Courtesy of William Bronchick, Bronchick Law
Businesses routinely maintain copies of correspondence and memos. Far to often, however, they do not extend this practice to email correspondence. Email correspondence is no different than your normal paperwork. You must keep copies of all of it to protect your business in any litigation.
Currently, only banks and broker-dealers are obliged to retain e-mail and instant messaging documents for three years under U.S. Securities and Exchange Commission rules. Beginning July 2006, all public companies will also be required to do so under the Sarbanes-Oxley Act.
Notwithstanding these laws, your custom and practice should be to maintain copies of all email correspondence. Email is considered evidence and courts are hammering businesses that do not maintain email records. Judges are often ruling that the failure to maintain and produce email records means the business in question is hiding key evidence.
In the recent Perelman v. Morgan Stanley litigation, a judge’s ruling on the failure of Morgan Stanley to produce email was the key factor in the issuance of a $1.45 billion verdict. Based on the failure to produce email records, Judge Elizabeth Maass issued a pretrial ruling that effectively found Morgan Stanley conspired to defraud Perelman in a 1998 deal. Morgan Stanley is not the only business defendant to have this problem.
In the summer of 2004, UBS bank was found by a judge to have “willfully destroyed” email evidence in a discrimination case. UBS was ordered to pay costs and a jury returned a $29 million verdict.
To protect your business, you must have a procedure in place to maintain email communications generated through the business. Failure to keep these records can lead to rulings in litigation that your business willfully destroyed evidence. If this occurs, the judge may issue significant monetary sanctions, automatically find you liable or take other harsh steps that assure a victory for the Plaintiff. As if such developments are not bad enough, there exists a second risk associated with email communications.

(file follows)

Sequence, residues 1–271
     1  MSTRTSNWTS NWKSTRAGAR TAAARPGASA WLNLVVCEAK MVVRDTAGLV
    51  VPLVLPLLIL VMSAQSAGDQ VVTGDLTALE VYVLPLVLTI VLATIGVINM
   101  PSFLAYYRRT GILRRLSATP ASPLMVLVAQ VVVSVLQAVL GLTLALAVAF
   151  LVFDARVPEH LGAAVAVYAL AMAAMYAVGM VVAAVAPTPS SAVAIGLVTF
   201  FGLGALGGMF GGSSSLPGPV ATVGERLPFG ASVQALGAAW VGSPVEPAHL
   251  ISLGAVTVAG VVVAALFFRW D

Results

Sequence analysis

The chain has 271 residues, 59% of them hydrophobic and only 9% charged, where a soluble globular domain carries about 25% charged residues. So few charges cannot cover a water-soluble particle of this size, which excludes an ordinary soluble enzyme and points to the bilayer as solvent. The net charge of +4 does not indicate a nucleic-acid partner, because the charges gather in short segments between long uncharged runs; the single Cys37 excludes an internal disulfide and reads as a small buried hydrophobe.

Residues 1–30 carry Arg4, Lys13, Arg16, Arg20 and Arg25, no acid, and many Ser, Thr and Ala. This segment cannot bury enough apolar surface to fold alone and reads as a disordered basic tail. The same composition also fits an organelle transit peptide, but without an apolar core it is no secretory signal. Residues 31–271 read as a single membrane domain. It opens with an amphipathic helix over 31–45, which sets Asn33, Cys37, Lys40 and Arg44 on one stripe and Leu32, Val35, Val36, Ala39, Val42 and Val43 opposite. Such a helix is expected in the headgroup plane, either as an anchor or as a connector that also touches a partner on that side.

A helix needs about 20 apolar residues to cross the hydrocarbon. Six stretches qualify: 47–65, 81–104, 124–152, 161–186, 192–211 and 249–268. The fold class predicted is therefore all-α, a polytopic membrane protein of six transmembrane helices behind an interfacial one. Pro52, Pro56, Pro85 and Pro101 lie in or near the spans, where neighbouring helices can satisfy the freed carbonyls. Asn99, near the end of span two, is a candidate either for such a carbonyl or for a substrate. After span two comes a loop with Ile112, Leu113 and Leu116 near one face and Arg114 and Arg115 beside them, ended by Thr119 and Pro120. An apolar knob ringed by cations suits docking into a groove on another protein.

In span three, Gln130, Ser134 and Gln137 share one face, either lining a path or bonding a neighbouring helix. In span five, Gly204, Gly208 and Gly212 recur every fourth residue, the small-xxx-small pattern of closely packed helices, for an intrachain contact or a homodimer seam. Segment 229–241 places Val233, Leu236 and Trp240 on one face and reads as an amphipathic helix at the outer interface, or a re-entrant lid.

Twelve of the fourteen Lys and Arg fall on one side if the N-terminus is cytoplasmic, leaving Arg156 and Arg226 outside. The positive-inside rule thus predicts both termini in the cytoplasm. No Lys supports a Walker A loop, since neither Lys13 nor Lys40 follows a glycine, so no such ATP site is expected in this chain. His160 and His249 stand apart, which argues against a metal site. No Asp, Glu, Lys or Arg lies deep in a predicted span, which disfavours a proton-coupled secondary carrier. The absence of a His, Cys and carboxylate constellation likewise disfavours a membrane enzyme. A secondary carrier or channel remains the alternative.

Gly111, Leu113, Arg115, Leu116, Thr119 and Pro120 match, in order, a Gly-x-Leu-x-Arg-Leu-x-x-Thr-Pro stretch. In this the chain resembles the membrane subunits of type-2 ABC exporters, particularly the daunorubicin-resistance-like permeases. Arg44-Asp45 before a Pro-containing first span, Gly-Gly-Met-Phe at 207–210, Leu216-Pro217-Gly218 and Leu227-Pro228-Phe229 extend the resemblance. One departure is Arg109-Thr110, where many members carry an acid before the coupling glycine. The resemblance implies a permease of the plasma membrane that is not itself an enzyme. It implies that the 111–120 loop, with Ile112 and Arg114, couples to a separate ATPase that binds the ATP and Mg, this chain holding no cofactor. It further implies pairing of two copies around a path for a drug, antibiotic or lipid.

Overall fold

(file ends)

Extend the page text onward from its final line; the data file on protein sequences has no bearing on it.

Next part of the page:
Maintaining email communications, however, can have a downside. The problem arises, of course, when a communication contains statements that are damaging to your business. Yes, the proverbial catch-22 situation.
To avoid such disasters, your business must develop a clear policy on email communications and train all employees to comply with that policy. Employees must understand the business environment is not one in which jokes, flippant remarks and so on should be made in email communications.
Questions about your business policies? Click on Bronchick Law for more information!